Last Lord’s Day morning we commented on the first eight verses of the Gospel. We will read them again this morning because they set the stage for the dramatic introduction of Gospel’s principal character in v. 9. We pointed out last time that the first eight verses of the chapter lay great stress on the divine character of the one who’s coming John the Baptist was sent to announce. John was, in the language of Isaiah 40:3, to prepare the way for the Lord, in Isaiah 40 Lord is Yahweh and that is all that could be meant, the living God, the Creator, the God of Abraham, Isaac, and Jacob is coming and John is to prepare and herald his way. The one who was coming after John would also baptize with the Holy Spirit, once again something that only God can do. The Lord is coming to his people that is what John is to announce.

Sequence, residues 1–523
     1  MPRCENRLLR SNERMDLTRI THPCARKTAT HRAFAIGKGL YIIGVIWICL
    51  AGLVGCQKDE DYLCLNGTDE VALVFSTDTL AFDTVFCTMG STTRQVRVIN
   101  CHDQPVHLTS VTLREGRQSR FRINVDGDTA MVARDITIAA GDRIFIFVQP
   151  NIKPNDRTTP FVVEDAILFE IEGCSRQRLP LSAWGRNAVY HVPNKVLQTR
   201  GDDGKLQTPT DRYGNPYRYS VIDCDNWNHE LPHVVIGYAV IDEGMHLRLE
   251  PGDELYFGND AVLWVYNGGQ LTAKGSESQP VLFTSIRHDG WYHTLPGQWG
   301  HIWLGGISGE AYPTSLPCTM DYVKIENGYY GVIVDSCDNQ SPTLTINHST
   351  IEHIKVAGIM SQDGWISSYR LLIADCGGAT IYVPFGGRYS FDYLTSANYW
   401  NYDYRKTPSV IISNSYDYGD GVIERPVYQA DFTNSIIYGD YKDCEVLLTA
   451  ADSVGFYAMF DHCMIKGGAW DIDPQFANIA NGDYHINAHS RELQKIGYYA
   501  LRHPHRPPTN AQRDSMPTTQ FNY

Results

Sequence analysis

But in v. 9 we read, not of some theophany, as the glory of God was again revealed to men as it had been in the thunder and lightning at Mt. Sinai in the days of Moses. We don’t read of some great vision of the divine glory being given to men as it was to Ezekiel in the first chapter of his prophecy. Rather we have what would seem a terrible anti-climax: “Now it happened in those days that Jesus came from Nazareth…” Jesus? We are obviously talking about a man here and there is something very ordinary about this man. Jesus was not an uncommon name in those days. It is the Greek equivalent of Joshua. Then as now there were lots of Joshuas! There is even another Jesus mentioned in the New Testament. Paul had a friend named Jesus who is mentioned in Colossians 4:11. And this Jesus came from Nazareth, a village so inconsequential that it is not mentioned in the Old Testament, or in the Talmud, or in Josephus. No doubt many of those who heard Mark being read for the first time, even among the Jews, would never have heard of Nazareth. What is more, Nazareth was in Galilee, decidedly the back-water of the Holy Land. People in Jerusalem distrusted Galileans and considered them inferior. I suppose it would be akin to someone from New York City or Washington D.C. being told that he needed to go to Puyallup to find out what’s what!